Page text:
In this study, we aimed to explore the potential proteomic biomarkers and pathological mechanisms in psychiatric disorders with the help of bioinformatic tools. First, we performed a comprehensive bioinformatic analysis on the associated proteins from UniProt database to determine their significant characteristics. Then the functional enrichment analyses and constructed PPI networks were carried out to identify key genes, proteins and signaling pathways. Psychiatric disorders investigated in this study were referred to autism spectrum disorder (ASD), schizophrenia (SCZ), bipolar disorders, major depression, anxiety, phobia, affective disorder, obsessive compulsive disorder, personality disorder and mental retardation psychiatry. Proteins with altered expression which influence the physiological and pathological progression of mental disorders may be involved in certain pathways.,. And once these pathways are made clear, it will help us know better about the pathogenic mechanisms and develop the targeted therapeutic strategies. Therefore, bioinformatic classifications should be utilized as useful references for identification and characterization of biomarkers, which will be expected to give a new direction to psychiatry research.

Results

Psychiatric-disease-associated proteins were screened and classified

We screened reviewed proteins from the UniProt database and collected 2317 proteins associated with mental disorders. The retrieved proteins from various psychiatric disorders were classified as follows: mental retardation (585 proteins), intellectual disability (425 proteins), cognitive disorder (94 proteins), autism (437 proteins), schizophrenia (413 proteins), bipolar disorder (219 proteins), depression (63 proteins), anxiety (8 proteins), phobia (51 proteins), obsessive compulsive disorder (7 proteins) and personality disorder (2 proteins). Because there are 372 proteins counted repeatedly among them, 1945 proteins associated with human psychiatric diseases were obtained finally.

The associated proteins and signaling pathaways were identified by bioinformatic analysis

After the DAVID functional annotation clustering, a total of 1075 GO terms were found to be associated with psychiatric diseases proteins. The implicative pathways of GO (top 20) were shown in Table 1. The result demonstrated that mental-disorder-associated proteins mainly enriched in 2 GO categories including biological process (BP) and cellular component (CC). In the BP group, the majority (26%) of the proteins were concerned with metabolic processes, followed by cellular processes (21%). While the proteins in the CC group were comprised of cell part (43%), organelle (21%) and membrane (17%) (Fig. 1). And the top 5 pathways significantly involved in GO terms contained transmission of nerve impulse, neuron projection, synaptic transmission, learning or memory and behavior.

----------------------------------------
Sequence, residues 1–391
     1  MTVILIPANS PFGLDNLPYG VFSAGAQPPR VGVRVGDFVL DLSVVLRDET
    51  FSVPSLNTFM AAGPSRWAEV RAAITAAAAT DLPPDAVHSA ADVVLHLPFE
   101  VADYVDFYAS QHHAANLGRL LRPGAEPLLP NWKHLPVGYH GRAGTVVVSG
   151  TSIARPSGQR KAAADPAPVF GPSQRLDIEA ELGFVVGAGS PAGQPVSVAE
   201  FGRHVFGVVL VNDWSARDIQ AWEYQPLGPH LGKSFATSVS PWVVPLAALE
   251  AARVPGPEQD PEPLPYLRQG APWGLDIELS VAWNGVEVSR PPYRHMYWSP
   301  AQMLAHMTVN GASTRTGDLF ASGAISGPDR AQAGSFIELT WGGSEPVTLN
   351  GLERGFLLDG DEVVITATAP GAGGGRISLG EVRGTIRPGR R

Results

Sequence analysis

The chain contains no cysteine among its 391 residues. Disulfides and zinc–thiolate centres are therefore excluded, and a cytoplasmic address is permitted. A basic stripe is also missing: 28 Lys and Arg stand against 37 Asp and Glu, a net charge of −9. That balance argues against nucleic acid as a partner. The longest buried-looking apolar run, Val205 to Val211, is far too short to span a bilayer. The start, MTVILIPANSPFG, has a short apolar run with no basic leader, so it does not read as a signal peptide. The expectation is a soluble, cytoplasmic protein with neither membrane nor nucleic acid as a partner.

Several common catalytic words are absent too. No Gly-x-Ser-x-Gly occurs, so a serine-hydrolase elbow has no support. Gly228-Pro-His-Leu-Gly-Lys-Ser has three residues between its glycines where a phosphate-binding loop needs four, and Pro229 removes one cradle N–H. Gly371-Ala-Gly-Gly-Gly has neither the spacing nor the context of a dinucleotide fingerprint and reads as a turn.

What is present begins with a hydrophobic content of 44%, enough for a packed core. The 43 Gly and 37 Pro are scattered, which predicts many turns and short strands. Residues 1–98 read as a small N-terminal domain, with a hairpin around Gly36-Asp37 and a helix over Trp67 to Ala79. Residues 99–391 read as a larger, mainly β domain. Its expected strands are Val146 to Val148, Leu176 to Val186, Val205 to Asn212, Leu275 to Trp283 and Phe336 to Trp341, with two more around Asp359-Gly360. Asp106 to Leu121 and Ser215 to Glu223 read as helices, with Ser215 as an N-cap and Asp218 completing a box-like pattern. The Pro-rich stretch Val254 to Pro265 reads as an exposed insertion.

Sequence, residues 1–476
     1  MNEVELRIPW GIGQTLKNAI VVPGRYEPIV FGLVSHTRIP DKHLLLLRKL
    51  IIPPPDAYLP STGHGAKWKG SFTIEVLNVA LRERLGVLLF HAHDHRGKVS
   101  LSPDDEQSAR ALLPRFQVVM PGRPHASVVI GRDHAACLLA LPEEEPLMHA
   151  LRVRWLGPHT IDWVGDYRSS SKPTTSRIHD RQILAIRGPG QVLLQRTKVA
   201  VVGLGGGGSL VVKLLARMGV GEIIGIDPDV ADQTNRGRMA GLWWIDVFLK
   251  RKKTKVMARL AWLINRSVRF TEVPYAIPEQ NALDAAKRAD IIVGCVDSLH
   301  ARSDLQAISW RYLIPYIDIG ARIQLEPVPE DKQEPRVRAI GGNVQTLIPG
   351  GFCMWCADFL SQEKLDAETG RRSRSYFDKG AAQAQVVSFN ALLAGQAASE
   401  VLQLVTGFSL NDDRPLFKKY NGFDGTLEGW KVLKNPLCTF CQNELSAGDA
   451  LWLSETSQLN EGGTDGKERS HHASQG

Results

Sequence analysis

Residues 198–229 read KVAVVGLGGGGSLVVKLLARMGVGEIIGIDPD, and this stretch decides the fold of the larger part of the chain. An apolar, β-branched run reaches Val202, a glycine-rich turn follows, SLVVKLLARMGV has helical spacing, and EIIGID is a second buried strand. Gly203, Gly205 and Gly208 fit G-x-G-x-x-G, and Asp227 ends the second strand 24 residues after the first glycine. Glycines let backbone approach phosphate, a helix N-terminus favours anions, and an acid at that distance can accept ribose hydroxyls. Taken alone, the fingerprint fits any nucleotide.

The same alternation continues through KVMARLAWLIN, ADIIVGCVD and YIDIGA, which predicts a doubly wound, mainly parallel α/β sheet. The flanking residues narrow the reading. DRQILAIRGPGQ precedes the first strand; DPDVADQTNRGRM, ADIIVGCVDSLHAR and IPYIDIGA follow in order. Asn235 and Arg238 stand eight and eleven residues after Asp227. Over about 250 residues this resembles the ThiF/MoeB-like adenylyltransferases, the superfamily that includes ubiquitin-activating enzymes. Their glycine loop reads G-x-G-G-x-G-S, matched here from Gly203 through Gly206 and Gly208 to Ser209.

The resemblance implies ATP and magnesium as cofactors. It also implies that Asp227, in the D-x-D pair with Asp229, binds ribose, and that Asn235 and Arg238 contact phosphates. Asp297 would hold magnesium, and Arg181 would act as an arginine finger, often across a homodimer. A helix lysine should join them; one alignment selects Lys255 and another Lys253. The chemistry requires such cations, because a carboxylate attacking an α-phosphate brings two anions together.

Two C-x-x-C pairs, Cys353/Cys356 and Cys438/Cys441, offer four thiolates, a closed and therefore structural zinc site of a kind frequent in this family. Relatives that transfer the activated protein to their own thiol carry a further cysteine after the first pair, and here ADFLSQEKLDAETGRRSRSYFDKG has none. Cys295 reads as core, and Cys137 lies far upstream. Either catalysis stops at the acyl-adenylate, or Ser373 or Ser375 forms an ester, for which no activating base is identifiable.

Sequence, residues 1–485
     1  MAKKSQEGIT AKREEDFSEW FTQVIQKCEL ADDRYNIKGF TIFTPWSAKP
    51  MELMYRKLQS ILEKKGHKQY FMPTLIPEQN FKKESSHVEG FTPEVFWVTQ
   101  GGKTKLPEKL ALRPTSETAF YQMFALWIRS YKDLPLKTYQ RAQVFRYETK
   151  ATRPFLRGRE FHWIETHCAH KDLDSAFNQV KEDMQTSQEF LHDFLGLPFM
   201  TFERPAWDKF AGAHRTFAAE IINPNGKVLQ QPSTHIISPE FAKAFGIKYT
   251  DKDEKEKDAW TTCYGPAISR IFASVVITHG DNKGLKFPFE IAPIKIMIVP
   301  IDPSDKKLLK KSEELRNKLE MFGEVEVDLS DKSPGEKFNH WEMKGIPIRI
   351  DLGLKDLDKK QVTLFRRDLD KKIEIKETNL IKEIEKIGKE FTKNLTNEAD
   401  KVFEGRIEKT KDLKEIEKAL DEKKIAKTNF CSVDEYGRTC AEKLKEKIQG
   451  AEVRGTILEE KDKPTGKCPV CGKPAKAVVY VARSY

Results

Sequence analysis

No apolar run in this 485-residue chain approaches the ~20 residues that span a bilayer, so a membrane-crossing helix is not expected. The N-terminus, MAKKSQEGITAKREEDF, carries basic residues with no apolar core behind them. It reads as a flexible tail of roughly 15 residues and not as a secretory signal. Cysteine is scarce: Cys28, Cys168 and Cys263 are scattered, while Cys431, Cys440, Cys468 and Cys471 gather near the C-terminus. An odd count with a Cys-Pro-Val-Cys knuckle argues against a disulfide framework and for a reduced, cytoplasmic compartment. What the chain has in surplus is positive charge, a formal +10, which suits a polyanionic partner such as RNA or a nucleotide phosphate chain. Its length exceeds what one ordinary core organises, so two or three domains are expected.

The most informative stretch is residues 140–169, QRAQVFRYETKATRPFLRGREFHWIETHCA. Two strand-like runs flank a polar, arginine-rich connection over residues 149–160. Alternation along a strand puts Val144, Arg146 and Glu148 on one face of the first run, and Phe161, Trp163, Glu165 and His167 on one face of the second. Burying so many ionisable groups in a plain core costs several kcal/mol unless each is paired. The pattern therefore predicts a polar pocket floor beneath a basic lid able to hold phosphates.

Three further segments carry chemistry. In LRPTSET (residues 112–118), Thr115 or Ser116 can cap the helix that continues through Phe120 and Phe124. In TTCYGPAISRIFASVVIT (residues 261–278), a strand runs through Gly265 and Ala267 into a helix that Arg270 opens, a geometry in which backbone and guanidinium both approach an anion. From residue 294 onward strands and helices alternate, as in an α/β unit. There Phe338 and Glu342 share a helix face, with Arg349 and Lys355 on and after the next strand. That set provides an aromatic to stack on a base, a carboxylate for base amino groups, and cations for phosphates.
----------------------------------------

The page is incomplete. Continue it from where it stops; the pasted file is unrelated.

Table 1

Top 20 GO function enrichment analysis of psychiatric diseases associated protein

Category

Term

Count

P value

Biological process

GO:0019226 : transmission of nerve impulse

91

2.89E−32

Cellular component

GO:0043005: neuron projection

88

8.81E−32

Biological process

GO:0007268: synaptic transmission

81

3.90E−30

Biological process

GO:0007611: learning or memory

50

6.30E−30

Biological process

GO:0007610: behavior

102

2.91E−29

Cellular component

GO:0030424: axon

52

5.71E−24

Cellular component

GO:0042995: cell projection

114

9.57E−23

Biological process

GO:0007267: cell–cell signaling

102

1.18E−20

Biological process

GO:0044057: regulation of system process

68

7.66E−20

Biological process

GO:0007612: learning

30

1.37E−19

Cellular component

GO:0045202: synapse

72

1.38E−19

Biological process

GO:0031644: regulation of neurological system process

46

3.97E−19

Biological process

GO:0042596: fear response

18

4.61E−19

Biological process

GO:0051969: regulation of transmission of nerve impulse

44

3.08E−18

Biological process

GO:0050877: neurological system process

153

6.80E−18

Biological process

GO:0030900: forebrain development

44

1.22E−17

Cellular component

GO:0030425: dendrite

45

1.25E−17

Biological process

GO:0050804: regulation of synaptic transmission

41

3.77E−17

Biological process

GO:0033555: multicellular organismal response to stress

23

4.65E−17

Biological process

GO:0032990: cell part morphogenesis

57

5.83E−17

Fig. 1

Broad functional classification of selected mental disorders-associated proteins. a Biological processes, b cellular component